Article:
Matthew 28.16-20

Making new disciples of Jesus
10:30 21/01/2024

Making, Growing, Sending

Last week we explored our vision statement:

God’s name honoured, his kingdom come, lives transformed

Our vision is the thing we’re aiming at, the thing we long to see, where we hope to be, what we hope to look like.

For the next three weeks we’re exploring our mission statement:

Making, growing, sending disciples of Jesus.

If our vision is what we hope to see, our mission is how we get there, it’s what we do to join in with what God is doing.

We have this graphic that illustrates planting new seeds, seeing those seeds grow, then bearing fruit and scattering more seed to grow.  It shows purpose and direction, but it’s also deliberately circular because our mission doesn’t stop this side of heaven.

A year ago we did a ministry review, with questionnaires that many of you filled in – for which, once again, I thank you.  Over the summer Graham Romp and I entered all the data from all the questionnaires, and wrote a report for the PCC which I shared in September.  Copies of that report are available at the back if you would like to see the full detail.

For now I’d like to share this.  Part of the questionnaire gave nine statements that you were invited to score – three relating to making disciples, three to growing disciples, and three to sending disciples.  I’ve colour-coded the answers – green is the top score, red is the bottom score – to show that three of the four lowest scores were the ones that came under ‘making disciples of Jesus’.

To be honest that’s exactly what I was expecting, and I suspect most churches filling in this questionnaire would receive a similar result.  But that’s no excuse!

Something else that came from the questionnaire was to have some teaching on the vision and mission – what does all this mean, and what does it look like in practice?  That’s why we’re having this five-week series exploring it in more detail.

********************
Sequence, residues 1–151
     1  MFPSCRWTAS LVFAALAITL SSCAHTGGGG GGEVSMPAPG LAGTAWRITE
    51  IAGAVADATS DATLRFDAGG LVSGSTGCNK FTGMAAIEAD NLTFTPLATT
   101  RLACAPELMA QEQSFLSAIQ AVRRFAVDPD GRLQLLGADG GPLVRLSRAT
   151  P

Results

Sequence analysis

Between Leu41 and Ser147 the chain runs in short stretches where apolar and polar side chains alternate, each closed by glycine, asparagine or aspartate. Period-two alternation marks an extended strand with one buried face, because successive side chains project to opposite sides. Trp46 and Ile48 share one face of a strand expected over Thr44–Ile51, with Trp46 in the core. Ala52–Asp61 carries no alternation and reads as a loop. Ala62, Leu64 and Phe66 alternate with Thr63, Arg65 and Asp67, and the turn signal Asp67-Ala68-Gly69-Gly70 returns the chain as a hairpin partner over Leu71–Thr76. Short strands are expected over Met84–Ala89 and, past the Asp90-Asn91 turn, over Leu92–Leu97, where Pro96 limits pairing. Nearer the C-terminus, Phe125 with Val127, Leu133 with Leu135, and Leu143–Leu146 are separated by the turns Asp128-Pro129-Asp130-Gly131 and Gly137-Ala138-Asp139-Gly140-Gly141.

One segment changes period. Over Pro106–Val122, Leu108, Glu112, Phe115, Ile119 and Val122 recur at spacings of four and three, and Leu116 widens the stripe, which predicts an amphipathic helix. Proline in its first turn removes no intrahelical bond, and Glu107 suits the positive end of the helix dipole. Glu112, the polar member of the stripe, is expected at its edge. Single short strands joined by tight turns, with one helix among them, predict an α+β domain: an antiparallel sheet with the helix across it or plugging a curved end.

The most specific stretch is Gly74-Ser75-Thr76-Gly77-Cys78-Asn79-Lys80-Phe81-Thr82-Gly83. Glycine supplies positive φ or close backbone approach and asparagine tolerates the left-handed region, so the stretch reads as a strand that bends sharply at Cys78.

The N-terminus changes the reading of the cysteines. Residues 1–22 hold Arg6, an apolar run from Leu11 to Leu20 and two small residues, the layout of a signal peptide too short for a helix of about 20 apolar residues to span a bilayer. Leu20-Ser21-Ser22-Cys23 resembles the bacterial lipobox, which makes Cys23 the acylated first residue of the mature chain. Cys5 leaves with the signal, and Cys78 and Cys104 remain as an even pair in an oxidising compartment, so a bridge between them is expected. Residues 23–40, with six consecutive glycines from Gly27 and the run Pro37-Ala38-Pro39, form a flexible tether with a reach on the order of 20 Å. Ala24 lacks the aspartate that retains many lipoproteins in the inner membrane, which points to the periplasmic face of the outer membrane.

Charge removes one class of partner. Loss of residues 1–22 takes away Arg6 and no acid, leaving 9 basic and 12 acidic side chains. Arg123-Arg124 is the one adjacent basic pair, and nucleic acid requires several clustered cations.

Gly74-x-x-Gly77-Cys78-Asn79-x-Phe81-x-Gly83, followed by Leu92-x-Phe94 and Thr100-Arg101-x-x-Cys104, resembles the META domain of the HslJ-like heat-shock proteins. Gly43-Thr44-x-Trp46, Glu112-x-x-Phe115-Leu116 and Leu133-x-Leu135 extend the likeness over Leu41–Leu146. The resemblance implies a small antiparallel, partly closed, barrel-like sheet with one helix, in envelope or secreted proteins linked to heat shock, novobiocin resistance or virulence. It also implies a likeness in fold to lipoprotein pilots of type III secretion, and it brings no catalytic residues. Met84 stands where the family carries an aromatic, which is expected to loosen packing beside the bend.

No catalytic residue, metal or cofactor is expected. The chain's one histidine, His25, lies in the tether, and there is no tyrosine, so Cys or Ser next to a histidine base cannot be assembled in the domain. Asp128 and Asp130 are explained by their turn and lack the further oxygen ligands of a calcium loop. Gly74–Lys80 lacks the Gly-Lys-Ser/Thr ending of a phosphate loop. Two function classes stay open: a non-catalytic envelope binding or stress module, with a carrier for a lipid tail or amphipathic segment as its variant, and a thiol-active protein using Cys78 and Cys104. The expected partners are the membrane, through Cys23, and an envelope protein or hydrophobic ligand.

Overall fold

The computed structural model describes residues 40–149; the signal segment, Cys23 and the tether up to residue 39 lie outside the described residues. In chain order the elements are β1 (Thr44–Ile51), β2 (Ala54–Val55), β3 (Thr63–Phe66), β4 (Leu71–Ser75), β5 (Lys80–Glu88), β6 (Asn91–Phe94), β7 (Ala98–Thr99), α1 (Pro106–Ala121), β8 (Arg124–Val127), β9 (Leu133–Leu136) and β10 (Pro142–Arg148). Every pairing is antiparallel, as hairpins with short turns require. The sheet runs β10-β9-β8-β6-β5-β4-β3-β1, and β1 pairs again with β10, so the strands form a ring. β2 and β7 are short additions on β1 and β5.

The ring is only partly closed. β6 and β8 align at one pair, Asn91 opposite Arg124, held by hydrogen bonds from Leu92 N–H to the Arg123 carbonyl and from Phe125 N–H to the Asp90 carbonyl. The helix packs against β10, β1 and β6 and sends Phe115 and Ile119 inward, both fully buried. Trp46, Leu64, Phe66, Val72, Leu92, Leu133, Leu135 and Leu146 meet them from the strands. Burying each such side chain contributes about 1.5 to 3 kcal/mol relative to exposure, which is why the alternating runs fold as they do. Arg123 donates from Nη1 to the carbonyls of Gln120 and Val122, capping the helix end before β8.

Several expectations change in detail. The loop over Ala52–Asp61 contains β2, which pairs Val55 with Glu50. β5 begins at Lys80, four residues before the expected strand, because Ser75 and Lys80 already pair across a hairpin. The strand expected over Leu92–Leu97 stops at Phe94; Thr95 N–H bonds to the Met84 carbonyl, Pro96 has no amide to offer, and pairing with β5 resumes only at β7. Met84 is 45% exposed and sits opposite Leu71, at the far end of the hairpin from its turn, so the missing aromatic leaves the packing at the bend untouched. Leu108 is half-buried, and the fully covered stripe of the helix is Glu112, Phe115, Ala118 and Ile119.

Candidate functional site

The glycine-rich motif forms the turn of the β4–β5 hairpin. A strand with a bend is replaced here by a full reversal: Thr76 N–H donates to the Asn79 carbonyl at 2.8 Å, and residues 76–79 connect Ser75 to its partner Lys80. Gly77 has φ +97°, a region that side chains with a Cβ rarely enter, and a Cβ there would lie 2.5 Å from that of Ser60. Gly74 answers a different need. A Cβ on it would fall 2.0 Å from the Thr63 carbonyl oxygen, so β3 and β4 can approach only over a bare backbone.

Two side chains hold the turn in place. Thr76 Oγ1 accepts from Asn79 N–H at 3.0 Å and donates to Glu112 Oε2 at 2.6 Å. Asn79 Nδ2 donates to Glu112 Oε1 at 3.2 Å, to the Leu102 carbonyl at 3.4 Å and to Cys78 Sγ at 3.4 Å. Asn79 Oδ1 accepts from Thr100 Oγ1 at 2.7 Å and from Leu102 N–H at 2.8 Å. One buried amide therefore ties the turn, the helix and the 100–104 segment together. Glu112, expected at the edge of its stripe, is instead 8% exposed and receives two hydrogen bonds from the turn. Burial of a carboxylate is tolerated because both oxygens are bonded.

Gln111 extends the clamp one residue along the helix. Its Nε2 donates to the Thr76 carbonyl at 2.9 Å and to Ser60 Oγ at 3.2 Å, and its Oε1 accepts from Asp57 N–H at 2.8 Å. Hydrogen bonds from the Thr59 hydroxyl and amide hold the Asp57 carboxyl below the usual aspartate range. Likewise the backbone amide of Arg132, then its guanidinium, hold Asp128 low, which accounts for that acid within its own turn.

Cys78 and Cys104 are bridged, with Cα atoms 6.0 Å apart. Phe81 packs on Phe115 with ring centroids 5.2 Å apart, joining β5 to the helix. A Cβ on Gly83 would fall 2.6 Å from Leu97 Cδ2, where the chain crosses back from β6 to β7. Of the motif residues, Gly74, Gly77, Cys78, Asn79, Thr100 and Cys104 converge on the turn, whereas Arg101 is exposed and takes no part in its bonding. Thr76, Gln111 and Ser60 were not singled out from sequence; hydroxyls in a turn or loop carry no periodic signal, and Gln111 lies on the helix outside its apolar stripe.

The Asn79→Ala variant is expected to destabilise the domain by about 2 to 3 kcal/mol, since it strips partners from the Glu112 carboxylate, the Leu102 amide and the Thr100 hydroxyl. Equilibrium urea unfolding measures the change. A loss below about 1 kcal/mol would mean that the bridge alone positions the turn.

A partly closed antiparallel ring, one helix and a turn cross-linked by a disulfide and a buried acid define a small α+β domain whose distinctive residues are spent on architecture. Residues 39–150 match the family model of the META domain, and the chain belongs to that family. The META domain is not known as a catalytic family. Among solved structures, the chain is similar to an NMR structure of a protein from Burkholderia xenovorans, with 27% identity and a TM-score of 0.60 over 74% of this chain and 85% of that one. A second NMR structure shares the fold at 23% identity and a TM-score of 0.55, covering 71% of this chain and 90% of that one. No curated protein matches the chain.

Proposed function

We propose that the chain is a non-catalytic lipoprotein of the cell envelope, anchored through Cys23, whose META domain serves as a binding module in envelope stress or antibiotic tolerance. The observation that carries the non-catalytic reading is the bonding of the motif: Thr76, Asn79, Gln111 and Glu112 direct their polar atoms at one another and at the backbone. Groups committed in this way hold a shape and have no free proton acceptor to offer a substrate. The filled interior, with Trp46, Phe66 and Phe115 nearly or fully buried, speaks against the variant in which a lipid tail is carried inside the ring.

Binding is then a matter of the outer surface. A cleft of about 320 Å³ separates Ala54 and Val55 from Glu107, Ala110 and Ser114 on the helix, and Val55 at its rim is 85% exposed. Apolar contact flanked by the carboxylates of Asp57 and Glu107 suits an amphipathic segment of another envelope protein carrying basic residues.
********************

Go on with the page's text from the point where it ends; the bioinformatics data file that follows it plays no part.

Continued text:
Today we are looking at what making new disciples means.

Making new disciples

For us, making new disciples of Jesus means:

we all share what God calls us to share: good news that through Jesus everyone can be forgiven, adopted as children into God’s family, and receive new life in his kingdom.

Christ Church Selly Park Vision & Mission Document (v20)

I’m going to answer three questions: what, why and how, using three words (almost) beginning with ‘M’:

  1. What do we mean by ‘making new disciples of Jesus’: transformation (metamorphosis for the posh word)
  2. Why do we need to make disciples: our motivation
  3. How do we make disciples: our method

Transformation (what)

On the day Jess and I got married, she and her Mum, sisters and best friend spent a long time doing each other’s hair and make-up, putting on dresses – getting ready for the big day.  It’s a lot easier for the boys – we simply put our suits on and turned up.  But that afternoon the transformation was complete: we were dressed and ready for the wedding.

The Bible uses various pictures to describe becoming a disciple of Jesus.  One of them is about getting dressed, getting changed:

You have taken off your old self with its practices and have put on the new self.

Colossians 3.10 (NIV)

That morning I took off my pyjamas and I put on my wedding suit.  I’ve not looked that smart since.

Another picture the Bible uses is about new life:

If anyone is in Christ, the new creation has come: the old has gone, the new is here.

2 Corinthians 5.17 (NIV)

At 2pm the old bachelor Ben died, and a new Ben was born: Jess’s husband.  I was still me, but something profound had happened – I was changed, transformed into someone new.

There are other pictures too: passing from darkness into light (Ephesians 5.8, 1 Peter 2.9); being born again (John 3.3-7); being adopted into a new family (Galatians 4.5, 1 John 3.1); becoming citizens of heaven (Philippians 3.20); being set free from slavery to sin so we can serve God (Romans 6.18-22); having our hearts of stone replaced with hearts of flesh (Ezekiel 11.19).

There are others – but they all have one thing in common: they describe a transformation.  Something fundamental has changed.

We see that in the criminal on the cross.  This is from Mark 15:

They crucified two rebels with [Jesus], one on his right and one on his left.  Those who passed by hurled insults at him, shaking their heads and saying, ‘Come down from the cross and save yourself!’ … Those crucified with him also heaped insults on him.

Mark 15.27-32 (NIV)

And yet, Luke tells us that later this happened:

One of the criminals who hung there hurled insults at him: ‘Aren’t you the Messiah?  Save yourself and us!’